A Brief History of the United States National Park System
The United States National Park System, often hailed as “America’s greatest idea,” began with just one park in 1872; today it oversees more than 400 areas, covering 84 million acres across all 50 states. This makes it an incredible success story in the history of environmental conservation. But how did it all come about?
The Concept: A National Park
The concept of a national park is largely credited to George Catlin, an American painter. In 1832, Catlin traveled across the Great Plains to document Native American tribes, which were rapidly disappearing.
He envisioned a space that was both a sanctuary for nature and a testament to the primitive beauty of America. Catlin argued for the establishment of a “magnificent park, a nation’s park containing man and beast in all the wildness and freshness of their nature’s beauty,” under the protective policy of the government. His vision was realized four decades later when Yellowstone National Park was established.
The First Official National Park
In 1872, a natural wonderland spanning Wyoming, Montana, and Idaho became the world’s first official National Park – Yellowstone. This initiated the United States National Park System, adding a new dimension to the nature conservation movement.
Expanding To California’s Yosemite Valley
Further west in California’s Yosemite Valley, a controversy was set in motion in the late Nineteenth century. While the state had laid claim to this region, sections remained under federal control. John Muir, a prominent naturalist, argued that the state-managed areas were being exploited and lobbied congress to design the entire valley as a national park under total federal control.
Escalation Towards the Federal Control
In 1903, after an influential camping trip in Yosemite with John Muir, President Theodore Roosevelt became an avid supporter of the National Park concept. Three years later, Yosemite became the second national park under complete federal control.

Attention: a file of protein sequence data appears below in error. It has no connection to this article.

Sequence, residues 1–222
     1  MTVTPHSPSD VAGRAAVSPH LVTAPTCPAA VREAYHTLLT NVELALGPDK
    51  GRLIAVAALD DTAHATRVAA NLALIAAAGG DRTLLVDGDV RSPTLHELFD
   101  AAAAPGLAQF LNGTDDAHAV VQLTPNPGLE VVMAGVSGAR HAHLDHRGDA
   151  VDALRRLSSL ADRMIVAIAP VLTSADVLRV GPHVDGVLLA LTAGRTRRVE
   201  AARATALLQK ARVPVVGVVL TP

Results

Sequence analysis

The Antiquities Act
President Roosevelt, with the help of Congress, expanded the scope of the park system in 1906 through the Antiquities Act. This granted the president the authority to designate historic landmarks on public lands as national monuments.
Establishment of the National Park Service
For over 40 years, the nation’s parks were managed by different departments, including War, Agriculture, and the Interior. In 1916, President Woodrow Wilson resolved this bureaucratic impasse by creating the National Park Service. This solidified the management and conservation efforts of these priceless reserves.
Executive Order 6166
Further evolution of the National Park System was brought about by President Franklin D. Roosevelt in 1933. Through Executive Order 6166, he consolidated all national parks, monuments, memorials, and cemeteries into a single National Park System.
New Era in Conservation
Three decades later, President Lyndon B. Johnson ushered in a new era of conservation, emphasizing a “parks-for-the-people” ideology. This sought to make National Parks more accessible to the public, especially in urban areas. Since Johnson, the list of national parks has grown steadily.
The Current State
At present, California boasts the most national parks with nine, while Alaska’s Wrangell-St. Elias National Park holds the title for the largest park. This unique system of National Parks showcases America’s natural diversity, from Everglades’ rivers of grass to Hawaii’s volcanoes.
Appreciation and Conservation
Imagining America without its National Parks is unthinkable. The US National Park System reflects how far Americans have come in their appreciation for the natural world. Today, the system stands as an example of successful conservation, a testament to the country’s commitment to preserving its natural beauty for generations to come.